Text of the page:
IT would be great to know how Tessa Jowell phrased it when she told Guardian writer and blogger Dave Hill that Glenda Jackson’s rebelliousness still appealed to voters – and might just get her re-elected yet.
“Well Dave,” Tessa might have said. “You know She’s a bit awkward. A bit snappy. She doesn’t vote in the same way as us cabinet-y figures. That’s why people like her and she can still win.”
But the feeling among people who usually vote Labour in Hampstead (and Kilburn) doesn’t really bear that theory out. Door-knocking in the area this week found there is more irritation with Glenda, possibly self-inflicted, possibly whipped up by opponents, than ever before. Forget policies and ideas, the old you never see her out shopping here because she lives in south London line is beginning to stalk her.
As I reported in the New Journal today, a quantity of ‘old Labour voters’ have been won over by the Lib Dems, the so-called ‘progressive’ vote no longer convinced by Ms Jackson in the same way that Frank Dobson maintains support in the south of Camden.
There is a sense among people who should be celebrating her candidature that she is detached and won’t play the game. She’s right if she thinks press soundbites and photo shoots can be lightweight, below serious debate. But this is the pitch she’s playing on, a pitch where a campaign can collapse on the back of 20 seconds of candid mumbles in the back of a car.
In an online interview, Glenda told Twitter maestro @whampstead this week: “I can only go on what I do and if it isn’t particularly visible, well there’s nothing I can do about that.”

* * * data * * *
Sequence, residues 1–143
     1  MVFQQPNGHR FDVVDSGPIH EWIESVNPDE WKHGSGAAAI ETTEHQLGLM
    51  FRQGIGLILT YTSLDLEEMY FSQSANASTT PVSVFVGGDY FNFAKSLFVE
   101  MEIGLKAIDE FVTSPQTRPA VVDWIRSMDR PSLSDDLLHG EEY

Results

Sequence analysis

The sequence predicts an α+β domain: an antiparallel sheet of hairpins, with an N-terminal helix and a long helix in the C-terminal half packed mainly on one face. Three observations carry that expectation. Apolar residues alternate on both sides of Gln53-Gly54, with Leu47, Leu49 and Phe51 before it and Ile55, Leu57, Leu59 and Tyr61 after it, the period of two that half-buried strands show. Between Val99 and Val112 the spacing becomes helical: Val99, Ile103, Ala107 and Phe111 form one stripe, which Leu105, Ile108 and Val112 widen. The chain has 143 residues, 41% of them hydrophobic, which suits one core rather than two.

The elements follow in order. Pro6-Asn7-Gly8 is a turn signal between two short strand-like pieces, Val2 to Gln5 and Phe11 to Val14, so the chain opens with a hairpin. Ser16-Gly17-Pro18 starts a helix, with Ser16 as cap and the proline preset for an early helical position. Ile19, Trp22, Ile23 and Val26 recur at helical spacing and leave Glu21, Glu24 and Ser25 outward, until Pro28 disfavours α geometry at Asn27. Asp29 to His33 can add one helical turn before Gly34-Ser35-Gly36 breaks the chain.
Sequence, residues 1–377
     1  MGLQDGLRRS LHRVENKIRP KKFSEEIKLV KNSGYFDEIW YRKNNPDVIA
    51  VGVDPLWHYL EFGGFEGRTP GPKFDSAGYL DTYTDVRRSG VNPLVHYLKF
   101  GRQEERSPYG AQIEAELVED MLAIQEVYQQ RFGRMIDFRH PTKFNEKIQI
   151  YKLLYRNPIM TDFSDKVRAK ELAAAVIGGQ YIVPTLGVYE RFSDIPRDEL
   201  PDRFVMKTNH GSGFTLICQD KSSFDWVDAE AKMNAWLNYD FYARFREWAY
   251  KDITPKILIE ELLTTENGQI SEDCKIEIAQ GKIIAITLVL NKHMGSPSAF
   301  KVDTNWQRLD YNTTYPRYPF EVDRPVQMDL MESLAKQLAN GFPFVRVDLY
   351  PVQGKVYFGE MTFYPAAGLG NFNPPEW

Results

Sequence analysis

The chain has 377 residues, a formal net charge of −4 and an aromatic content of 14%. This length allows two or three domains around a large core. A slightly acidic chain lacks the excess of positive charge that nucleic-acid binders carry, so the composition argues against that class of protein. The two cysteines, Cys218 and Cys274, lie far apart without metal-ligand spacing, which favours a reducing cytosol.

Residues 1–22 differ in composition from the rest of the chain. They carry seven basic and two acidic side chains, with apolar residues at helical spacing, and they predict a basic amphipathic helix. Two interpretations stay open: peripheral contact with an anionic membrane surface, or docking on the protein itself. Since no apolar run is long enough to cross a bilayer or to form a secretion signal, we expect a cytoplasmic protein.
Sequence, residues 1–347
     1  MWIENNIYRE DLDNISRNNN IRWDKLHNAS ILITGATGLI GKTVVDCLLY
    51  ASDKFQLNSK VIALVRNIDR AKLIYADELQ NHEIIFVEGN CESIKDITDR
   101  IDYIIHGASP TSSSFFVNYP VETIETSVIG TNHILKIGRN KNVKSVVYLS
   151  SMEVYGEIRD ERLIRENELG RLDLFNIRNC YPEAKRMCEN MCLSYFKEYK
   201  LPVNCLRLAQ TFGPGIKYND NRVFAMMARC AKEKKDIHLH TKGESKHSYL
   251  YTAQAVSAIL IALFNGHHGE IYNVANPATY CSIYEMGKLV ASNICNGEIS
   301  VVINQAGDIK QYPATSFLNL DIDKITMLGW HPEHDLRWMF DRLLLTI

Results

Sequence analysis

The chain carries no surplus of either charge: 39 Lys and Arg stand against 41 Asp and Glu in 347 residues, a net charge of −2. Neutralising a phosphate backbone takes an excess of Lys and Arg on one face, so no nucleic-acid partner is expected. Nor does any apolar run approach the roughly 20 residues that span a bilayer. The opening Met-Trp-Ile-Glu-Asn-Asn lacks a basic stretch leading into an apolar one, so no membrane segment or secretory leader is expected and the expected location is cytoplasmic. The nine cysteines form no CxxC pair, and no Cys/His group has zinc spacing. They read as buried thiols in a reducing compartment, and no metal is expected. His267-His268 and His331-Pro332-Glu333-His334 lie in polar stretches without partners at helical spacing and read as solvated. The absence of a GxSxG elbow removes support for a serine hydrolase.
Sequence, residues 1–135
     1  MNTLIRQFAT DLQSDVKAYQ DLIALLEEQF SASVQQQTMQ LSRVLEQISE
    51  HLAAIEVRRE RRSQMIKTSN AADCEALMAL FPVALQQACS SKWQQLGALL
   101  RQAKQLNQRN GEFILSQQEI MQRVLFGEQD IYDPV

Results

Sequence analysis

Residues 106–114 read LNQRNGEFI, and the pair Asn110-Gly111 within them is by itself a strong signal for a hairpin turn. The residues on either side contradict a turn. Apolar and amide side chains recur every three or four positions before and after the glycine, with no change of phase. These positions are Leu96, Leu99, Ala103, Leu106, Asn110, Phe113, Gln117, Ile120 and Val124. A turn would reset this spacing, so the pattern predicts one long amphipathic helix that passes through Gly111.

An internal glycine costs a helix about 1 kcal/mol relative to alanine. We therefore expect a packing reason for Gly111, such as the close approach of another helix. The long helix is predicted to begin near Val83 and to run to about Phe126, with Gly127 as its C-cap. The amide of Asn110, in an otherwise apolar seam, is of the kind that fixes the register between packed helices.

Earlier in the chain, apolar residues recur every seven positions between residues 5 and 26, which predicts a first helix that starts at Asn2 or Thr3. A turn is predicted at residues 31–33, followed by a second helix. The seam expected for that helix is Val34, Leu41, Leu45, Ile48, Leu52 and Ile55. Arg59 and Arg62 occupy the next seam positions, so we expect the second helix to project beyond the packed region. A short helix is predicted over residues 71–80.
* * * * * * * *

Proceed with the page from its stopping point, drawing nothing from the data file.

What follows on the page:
Rightly or wrongly, this comes across as pretty bullish, stubborn even, as most Labour party members with even an inkling about press relations know there is something she could actually do about that. Newsdesks are only a phone call away.
Yet back to Jowell, the former Camden councillor, and her comments relayed through Hill’s blog do have some purchase. My personal door knocks survey this weeks seem to match her canvassing in one sense: we both probably agree that the Lib Dems need to turn soft poll gains into real hard votes to finish the job in Hampstead and Kilburn. Hill’s blog reads:
She (Tessa) said that many of those telling canvassers they were thinking of voting Lib Dem were young, not sure they would vote at all and possibly not registered anyway. On the strength of this she insisted that Glenda Jackson and Emily Thornberry (Islington South) would hold on to their seats, helped by their local reputations: Jackson’s for rebelliousness, Thornberry’s for grassroots graft.
Tessa’s argument that sounds like a possible escape hatch for Glenda, who needs one pretty fast now. But what a way that would be to win, eh? Knowing you got re-elected, not because of your strong decisions on tricky politics, but because enough voters who were planning to vote for somebody else hadn’t got registered in time to take part or stayed in to watch Mock The Week instead, or whatever the young folks do these days after work.
Labour thinks rebelliousness can still win back the softies. No doubt Glenda’s voting record, with its occasional stab at her own government, will be revived several times on the doorstep this week in one last throw of the dice.